We are living between the“TILT!” that God injected into the world at Christmas, a kind of cosmic, saving plate tectonics, a shift in the foundation of the world, as God became human (do we really get that? wrap our minds around it?It’sBIG!) –this intervention in our world, as

“God became as we are so that – “Yes, this:“we might become as God is.”

So said the earliest church teachers and disciples. Huh? How?

“TILT!”is even more than light shining, more than God-with-us.

“TILT!”is us with God! Our joining the very life of God, and becoming “in Christ” …“who by the power at work within us is able to accomplish abundantly far more than all we can ask or imagine, to him be glory in the church and in Christ Jesus to all generations…”(Eph3:20)

We live between this life-altering “TILT!” and the ultimate completion of God’s desires for this creation. We live deep in the realities of sin – in the place of falling and turning away from God’s grace and mercy and call to live already / as if the fullness has overwhelmed the planet completely – and we forget.

We forget to stand on tiptoe on the stairs in the middle of the night. We forget to wrap our arms of love (God’s arms, really) around the broken and betrayed, the exiled and outcasts, the poor and forlorn. I don’t think we mean to. I don’t think we’re mean.

We just forget who we are.

We are “in Christ.” We live now “in Christ.”

Sometime, take even a few minutes and page through the letters (starting with Romans) of the New Testament. Ask Pastor Dave and Vikki to give you a quarter every time you see the phrase, “in Christ.” (Then give it back to the Ready to Bless fund!) Take a few extra moments with Galatians 3:28 and Ephesians 2: 13. We’re all there.

David K., who wouldn’t need to hide his identity but I’ll just leave it at that for now, David who is dying, is still giving. He is still living for others, still alive “in Christ,” and he is still sharing God’s enveloping grace. I also think that he can already see that pony!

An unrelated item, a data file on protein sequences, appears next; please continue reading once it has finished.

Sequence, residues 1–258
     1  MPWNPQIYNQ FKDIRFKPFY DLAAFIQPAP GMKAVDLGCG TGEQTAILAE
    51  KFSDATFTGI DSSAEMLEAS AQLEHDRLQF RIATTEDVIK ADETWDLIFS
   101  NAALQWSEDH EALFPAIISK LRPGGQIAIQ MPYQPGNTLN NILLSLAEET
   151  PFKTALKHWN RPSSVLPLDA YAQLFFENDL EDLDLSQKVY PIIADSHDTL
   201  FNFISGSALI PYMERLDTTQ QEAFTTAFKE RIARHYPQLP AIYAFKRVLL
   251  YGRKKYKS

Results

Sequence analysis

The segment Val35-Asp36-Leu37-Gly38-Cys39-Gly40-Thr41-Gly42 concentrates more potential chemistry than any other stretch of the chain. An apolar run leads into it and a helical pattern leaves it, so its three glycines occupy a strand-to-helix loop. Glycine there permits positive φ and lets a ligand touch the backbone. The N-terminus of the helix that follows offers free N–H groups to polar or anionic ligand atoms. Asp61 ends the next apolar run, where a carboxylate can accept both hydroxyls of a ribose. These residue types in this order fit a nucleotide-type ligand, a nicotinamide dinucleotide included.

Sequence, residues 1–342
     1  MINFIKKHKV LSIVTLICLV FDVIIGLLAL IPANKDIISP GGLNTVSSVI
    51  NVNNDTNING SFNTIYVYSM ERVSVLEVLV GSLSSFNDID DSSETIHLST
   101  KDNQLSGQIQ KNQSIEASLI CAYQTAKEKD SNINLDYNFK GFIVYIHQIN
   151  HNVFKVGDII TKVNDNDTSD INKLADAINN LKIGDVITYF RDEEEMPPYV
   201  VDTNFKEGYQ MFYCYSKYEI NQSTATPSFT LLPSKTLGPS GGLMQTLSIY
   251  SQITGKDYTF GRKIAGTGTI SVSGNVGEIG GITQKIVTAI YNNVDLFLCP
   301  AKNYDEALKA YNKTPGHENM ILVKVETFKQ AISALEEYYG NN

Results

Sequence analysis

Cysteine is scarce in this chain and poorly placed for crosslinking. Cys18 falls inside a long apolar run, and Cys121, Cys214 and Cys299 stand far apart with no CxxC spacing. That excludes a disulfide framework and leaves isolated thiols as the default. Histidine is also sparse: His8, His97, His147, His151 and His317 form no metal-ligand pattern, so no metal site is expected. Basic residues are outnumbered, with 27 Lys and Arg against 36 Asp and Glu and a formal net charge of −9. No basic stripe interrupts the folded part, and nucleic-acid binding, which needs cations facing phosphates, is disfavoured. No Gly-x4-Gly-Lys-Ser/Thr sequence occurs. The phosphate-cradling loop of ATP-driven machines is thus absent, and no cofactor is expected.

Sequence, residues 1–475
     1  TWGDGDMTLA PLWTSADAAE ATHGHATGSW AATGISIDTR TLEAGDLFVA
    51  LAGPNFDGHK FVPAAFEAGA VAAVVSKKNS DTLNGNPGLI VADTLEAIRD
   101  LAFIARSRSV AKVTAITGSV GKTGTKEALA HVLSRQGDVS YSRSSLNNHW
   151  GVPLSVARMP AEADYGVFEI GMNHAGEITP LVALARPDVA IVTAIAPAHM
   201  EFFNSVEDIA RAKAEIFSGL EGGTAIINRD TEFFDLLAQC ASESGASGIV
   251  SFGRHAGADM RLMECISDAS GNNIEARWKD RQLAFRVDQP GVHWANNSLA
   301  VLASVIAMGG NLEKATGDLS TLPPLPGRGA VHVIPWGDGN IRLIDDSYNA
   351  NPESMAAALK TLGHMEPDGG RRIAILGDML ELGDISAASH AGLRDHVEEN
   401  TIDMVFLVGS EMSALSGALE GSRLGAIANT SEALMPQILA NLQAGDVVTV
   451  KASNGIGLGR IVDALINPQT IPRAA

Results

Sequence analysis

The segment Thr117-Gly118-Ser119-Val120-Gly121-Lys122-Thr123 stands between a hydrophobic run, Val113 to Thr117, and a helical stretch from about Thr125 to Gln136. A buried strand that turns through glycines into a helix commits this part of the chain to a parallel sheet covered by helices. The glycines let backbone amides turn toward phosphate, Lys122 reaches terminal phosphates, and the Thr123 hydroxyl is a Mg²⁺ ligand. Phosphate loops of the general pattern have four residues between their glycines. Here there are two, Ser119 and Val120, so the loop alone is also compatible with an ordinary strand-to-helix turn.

David is one of the saints, a magnificent human-really-being, who humbled me as he, a business executive at the time (and until retirement) took on the role of a servant and carried those too sick to walk. He is a mentor in the kingdom of God, the kingdom of heaven, the realm of God’s intention, and now David is soon to experience the overwhelming dimensions of that “beloved community” of which Dr. King spoke, in all its fullness. I imagine the vast numbers of those he ministered to will all be there to welcome him, to point out (okay, analogies are good!) the wonders of this land where all are welcome, though Kaia no longer crawls under the pews, and (like I said, analogies are good!) the temperature is just right for wearing an alb, if you are so inclined. And Mary does not weep any tears.

Thank you, David Kieschnick, for teaching me to be, truly, “in Christ.” Who is your mentor? Who can you teach? Who can you embrace, in Jesus’ name, and say, ‘This is my beloved, in whom I am well pleased.’

Jan Erickson Pearson

No comments (Add your own)

Add a New Comment


Comment Guidelines: No HTML is allowed. Off-topic or inappropriate comments will be edited or deleted. Thanks.